By SIMON WEBSTER
Recently, I have enjoyed hearing how interested many of you have been in the recipes every week. The feedback has been encouraging and I love running into readers in the store who have cut out the recipes and are shopping for ingredients.
I like to remind people that cooking is fun, and even if some of the ingredients may not always be available, it’s okay to make substitutions and adapt the recipes to better suit your needs.
I try to think of things that are seasonal, because when something is in season that is when it tastes best. I also try to pick interesting recipes. After all, food is the spice of life.
Speaking of interesting, this week’s recipe definitely fits into that category and is great fun for this holiday weekend. The family will really enjoy this one, as Baked Alaska always draws a crowd — with spoons ready to dig in to the meringue, cake and ice cream.
So what is it exactly? Can you really bake ice cream? Yes, you can. Baked Alaska has cake on the bottom, sides and top and it insulates the ice cream in the middle. Then you spread whipped egg whites all around the cake, put it under the broiler so the meringue browns, and voila – It’s Baked Alaska.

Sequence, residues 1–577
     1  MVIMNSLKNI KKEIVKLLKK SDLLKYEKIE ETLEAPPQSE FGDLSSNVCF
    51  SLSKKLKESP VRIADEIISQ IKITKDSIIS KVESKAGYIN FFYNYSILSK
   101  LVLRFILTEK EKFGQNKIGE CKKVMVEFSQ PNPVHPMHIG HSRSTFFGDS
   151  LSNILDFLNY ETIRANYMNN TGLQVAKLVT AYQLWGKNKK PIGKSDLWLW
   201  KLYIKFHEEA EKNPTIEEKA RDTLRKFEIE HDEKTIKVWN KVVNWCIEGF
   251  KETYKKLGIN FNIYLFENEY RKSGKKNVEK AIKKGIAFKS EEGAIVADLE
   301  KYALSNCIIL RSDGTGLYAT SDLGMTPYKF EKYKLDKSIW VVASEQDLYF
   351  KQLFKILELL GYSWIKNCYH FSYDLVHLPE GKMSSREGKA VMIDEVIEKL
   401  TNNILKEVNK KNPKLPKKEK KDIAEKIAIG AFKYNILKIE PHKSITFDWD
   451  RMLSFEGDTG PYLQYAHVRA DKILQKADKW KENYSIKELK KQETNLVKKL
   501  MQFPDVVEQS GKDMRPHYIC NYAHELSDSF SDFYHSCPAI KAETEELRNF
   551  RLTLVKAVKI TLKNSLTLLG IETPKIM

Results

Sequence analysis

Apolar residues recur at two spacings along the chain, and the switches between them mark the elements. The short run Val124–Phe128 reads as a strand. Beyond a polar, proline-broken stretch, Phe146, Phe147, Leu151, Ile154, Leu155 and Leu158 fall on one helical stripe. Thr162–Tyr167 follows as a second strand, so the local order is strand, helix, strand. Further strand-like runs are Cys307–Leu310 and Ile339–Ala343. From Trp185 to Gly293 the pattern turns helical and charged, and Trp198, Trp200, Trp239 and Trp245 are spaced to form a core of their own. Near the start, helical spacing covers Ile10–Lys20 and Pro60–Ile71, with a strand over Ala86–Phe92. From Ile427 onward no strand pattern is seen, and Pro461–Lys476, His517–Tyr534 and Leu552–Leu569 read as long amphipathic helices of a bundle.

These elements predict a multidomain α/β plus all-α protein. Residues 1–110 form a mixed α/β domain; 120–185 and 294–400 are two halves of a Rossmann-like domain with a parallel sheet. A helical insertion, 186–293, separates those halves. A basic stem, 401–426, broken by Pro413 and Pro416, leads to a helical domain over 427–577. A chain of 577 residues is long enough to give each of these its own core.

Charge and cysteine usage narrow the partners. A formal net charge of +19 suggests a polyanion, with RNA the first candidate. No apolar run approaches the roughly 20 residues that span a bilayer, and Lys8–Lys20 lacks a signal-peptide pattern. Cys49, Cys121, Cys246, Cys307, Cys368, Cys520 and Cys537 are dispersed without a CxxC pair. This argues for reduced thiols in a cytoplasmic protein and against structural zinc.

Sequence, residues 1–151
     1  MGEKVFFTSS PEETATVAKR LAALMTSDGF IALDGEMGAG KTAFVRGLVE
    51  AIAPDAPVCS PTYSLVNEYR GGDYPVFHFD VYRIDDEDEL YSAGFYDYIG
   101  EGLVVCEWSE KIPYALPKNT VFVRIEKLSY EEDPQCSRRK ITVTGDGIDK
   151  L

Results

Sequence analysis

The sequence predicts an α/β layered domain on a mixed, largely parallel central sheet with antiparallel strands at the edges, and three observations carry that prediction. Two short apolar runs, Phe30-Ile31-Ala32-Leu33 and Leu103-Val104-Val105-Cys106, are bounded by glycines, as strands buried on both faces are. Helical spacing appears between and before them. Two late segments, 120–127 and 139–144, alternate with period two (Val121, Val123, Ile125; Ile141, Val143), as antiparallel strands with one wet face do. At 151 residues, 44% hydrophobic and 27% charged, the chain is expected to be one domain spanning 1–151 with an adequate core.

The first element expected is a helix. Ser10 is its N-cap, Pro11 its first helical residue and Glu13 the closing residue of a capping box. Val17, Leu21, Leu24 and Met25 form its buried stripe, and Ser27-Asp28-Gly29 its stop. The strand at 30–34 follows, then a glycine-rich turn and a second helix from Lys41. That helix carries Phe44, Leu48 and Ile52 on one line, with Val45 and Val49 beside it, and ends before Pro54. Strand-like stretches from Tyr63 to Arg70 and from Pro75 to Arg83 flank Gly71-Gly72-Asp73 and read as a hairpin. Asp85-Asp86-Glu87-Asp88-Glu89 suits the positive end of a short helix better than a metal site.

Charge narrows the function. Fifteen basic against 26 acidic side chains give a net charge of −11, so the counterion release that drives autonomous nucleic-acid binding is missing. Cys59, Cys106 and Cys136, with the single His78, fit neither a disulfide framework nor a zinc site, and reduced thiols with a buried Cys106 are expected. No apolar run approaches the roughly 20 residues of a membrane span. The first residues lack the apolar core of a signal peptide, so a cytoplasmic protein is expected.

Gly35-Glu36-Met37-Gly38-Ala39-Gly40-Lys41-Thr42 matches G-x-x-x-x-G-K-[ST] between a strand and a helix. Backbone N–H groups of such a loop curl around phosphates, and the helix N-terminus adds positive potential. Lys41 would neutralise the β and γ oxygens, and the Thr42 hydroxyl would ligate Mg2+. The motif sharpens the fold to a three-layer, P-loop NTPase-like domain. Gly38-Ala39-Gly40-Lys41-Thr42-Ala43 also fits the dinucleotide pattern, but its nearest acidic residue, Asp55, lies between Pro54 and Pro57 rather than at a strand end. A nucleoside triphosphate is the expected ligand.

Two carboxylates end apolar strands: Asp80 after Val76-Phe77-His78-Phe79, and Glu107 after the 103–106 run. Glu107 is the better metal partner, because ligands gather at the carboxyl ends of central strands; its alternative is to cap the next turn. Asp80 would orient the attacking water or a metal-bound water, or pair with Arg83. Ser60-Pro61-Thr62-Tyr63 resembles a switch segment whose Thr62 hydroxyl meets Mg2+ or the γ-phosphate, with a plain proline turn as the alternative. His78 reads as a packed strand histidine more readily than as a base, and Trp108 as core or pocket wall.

If you really want to wow the crowd, the traditional way to serve it is to warm a little brandy, drizzle it over the cake and then light it. But be careful, stand back and keep everyone’s paws away until the flames subside.
1 white cake, baked in a jelly roll pan
1 quart vanilla ice cream
2 cups mixed berries
6 egg whites
1/2 cup fine sugar
2 tablespoons warm brandy
Using an eight inch spring form pan, use the bottom of the pan to cut two circles in your cake and two eight inch strips that are tall enough to use around the sides of the pan. Place one circle on the bottom, then put the two side pieces in. Fill halfway with ice cream, then a cup of berries and another layer of ice cream. Finish with the remaining berries and press the other circle of cake on top of the cake sides and the filling. Place in the freezer while you whip the egg whites. In a clean, dry bowl beat the egg whites until stiff while sprinkling in the sugar. Bring the cake out of the freezer and release the spring form pan onto an oven proof dish. Cover the cake with the beaten egg whites and use a fork to make sweeps and peeks. Place under a hot broiler until lightly brown. Watch closely. Remove to serve. If you like, drizzle the top only with the brandy and carefully light. It will burn off quickly so make sure everyone is ready for the show.
Simon Webster is the Executive Chef of Sabor a Pasion Country House & Bistro a multi-faceted dining destination just outside Palestine. For more information go to www.saborapasion.com or call 903-729-9500.